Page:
Once again, by this time, Ewing, aged 32, was showing signs of decline and wear and tear on his knees. Despite valiant efforts, and playing for another five years, his best years were behind him; wasted while the reluctant-to-rebuild front office signed aging player after aging player and traded away its future year after year with its 1st Round draft picks. The picks they kept were some of the most abysmal picks the team has ever made. The good picks were packaged and shipped off immediately, or before they could realize their promise.


Kiki Vandeweghe was brought in along with Oakley, but Vandeweghe had just suffered a debilitating back injury 18 months prior and was a shell of his former self with the Knicks. He did invent the now-popular “step-back” move, and it was his main scoring move, along with long distance shooting. Vandeweghe had been a prolific scorer previously in Denver and Portland, but by the time he reached New York, his best years were behind him. Into the 1990s, the Knicks brought in Mo Cheeks, Doc Rivers, noted bust Charles Smith, Derek Harper, Rolando Blackman and other hired hands who were well into their 30s, for their 1993-1994 NBA Finals run. The sacrifice? A mortgaged future, awful drafting (Charlie Ward, Hubert Davis) and no maneuverability under the new salary cap, which restricted the Knicks from retaining Anthony Mason, and led to the Knicks signing scapegoat, but Knicks fans’ favorite, Allan Houston to two crippling contracts.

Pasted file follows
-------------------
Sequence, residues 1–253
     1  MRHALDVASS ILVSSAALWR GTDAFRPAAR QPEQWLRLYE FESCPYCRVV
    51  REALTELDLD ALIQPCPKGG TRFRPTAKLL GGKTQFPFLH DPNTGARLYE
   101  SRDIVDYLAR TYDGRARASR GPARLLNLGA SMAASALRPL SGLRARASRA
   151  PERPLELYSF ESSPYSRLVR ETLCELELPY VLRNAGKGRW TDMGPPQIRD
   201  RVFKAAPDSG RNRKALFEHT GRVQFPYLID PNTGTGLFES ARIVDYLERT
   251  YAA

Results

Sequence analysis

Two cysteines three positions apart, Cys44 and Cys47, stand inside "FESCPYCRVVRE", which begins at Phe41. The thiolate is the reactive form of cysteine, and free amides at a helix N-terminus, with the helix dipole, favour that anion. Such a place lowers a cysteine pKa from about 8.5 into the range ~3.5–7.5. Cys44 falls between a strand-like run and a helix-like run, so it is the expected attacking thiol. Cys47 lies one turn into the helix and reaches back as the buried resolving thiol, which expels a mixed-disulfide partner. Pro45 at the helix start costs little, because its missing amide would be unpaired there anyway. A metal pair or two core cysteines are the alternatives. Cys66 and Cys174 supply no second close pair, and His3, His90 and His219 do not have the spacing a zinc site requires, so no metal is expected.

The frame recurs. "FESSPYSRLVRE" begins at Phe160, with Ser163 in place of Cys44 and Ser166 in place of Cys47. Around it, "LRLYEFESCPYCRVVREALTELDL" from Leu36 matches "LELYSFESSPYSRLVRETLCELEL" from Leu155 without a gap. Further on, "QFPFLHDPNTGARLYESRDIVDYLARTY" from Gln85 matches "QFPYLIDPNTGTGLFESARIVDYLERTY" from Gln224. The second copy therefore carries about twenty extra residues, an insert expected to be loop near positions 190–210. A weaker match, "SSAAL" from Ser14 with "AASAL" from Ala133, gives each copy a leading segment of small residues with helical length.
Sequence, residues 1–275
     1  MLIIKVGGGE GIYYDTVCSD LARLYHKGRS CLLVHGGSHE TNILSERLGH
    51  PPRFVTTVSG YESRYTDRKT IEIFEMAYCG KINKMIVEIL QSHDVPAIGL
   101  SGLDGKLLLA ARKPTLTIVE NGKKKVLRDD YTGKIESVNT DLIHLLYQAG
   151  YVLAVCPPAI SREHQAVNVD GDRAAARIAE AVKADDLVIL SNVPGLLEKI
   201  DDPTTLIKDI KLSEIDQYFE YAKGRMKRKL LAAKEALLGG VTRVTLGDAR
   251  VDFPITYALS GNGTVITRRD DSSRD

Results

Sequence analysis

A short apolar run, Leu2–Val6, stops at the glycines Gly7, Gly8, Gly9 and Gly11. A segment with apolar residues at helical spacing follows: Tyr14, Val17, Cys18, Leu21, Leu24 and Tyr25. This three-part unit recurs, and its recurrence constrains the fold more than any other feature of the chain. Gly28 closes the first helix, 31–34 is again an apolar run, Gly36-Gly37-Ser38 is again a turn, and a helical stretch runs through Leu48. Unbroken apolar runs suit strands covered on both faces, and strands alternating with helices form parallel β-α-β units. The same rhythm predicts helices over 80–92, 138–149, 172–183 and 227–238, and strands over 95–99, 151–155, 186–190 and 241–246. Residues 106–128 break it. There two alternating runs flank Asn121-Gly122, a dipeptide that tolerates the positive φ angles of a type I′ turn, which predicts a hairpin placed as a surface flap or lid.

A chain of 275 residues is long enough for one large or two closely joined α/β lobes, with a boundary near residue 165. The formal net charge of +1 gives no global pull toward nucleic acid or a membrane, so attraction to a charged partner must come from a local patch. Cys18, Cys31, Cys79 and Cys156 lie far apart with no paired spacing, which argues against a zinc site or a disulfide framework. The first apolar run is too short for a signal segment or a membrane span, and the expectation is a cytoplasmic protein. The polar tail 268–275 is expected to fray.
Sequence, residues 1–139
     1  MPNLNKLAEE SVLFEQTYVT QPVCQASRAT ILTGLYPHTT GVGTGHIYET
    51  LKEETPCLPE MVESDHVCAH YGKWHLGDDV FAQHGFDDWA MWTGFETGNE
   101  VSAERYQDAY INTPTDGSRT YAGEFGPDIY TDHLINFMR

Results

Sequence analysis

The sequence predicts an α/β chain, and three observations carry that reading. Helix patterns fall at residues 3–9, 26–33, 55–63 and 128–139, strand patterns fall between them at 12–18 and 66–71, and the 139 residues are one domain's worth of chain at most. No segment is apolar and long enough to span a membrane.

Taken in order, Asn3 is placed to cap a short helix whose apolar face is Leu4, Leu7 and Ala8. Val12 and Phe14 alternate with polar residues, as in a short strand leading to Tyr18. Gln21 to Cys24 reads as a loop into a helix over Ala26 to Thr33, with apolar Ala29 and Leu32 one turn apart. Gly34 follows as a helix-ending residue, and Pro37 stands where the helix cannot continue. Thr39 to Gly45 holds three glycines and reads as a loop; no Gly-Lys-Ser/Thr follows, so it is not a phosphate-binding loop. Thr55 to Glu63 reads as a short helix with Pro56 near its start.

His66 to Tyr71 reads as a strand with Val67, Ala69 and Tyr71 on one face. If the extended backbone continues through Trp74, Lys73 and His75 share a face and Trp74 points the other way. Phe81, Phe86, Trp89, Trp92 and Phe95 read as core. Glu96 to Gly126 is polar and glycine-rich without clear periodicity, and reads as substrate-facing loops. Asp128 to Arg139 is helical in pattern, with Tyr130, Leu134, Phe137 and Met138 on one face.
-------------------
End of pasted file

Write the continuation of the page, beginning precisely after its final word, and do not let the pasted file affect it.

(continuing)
Although the Knicks had playoff success from 1995-1999, the window was completely shut on the Ewing era, as Oakley was traded for a younger, but unpolished Marcus Camby in 1998, Starks was traded to Golden State for Latrell Sprewell (who spearheaded the Knicks’ 1999 NBA Finals march), Ewing was traded to Seattle in 2000, and most of the remaining roster was gutted. Dave Checketts left shortly after Dolan forced him to trade Ewing, and the Knicks were on their way to perpetual ineptitude (with help from GMs Scott Layden and Isiah Thomas) for the following decade.


People can say what they want about Ewing, but the Knicks’ front office was more unstable than most patients housed within the Creedmoor Mental Institution in Queens. With a sound regime, wise drafting and trading, the Knicks would have won at least two titles with Ewing, despite the exploits of Michael Jordan.


It all started downhill when Micheal Ray sniffed away his entire career and legacy and Coach Holzman walked away for the last time. It has been 30 years of mismanagement since 1982, and the Knicks appear to finally be stabilizing in the front office and on the sidelines.


They already wasted an entire era of one Knicks legend, let’s hope they do not waste the prime years of a potential legend in the making, in Carmelo Anthony. If you do not learn from your past, you are doomed to repeat it.


I will always be wistful of what COULD HAVE BEEN with those mid-late 80s Knicks.


If Bernard had just left Theus to attempt the layup uncontested…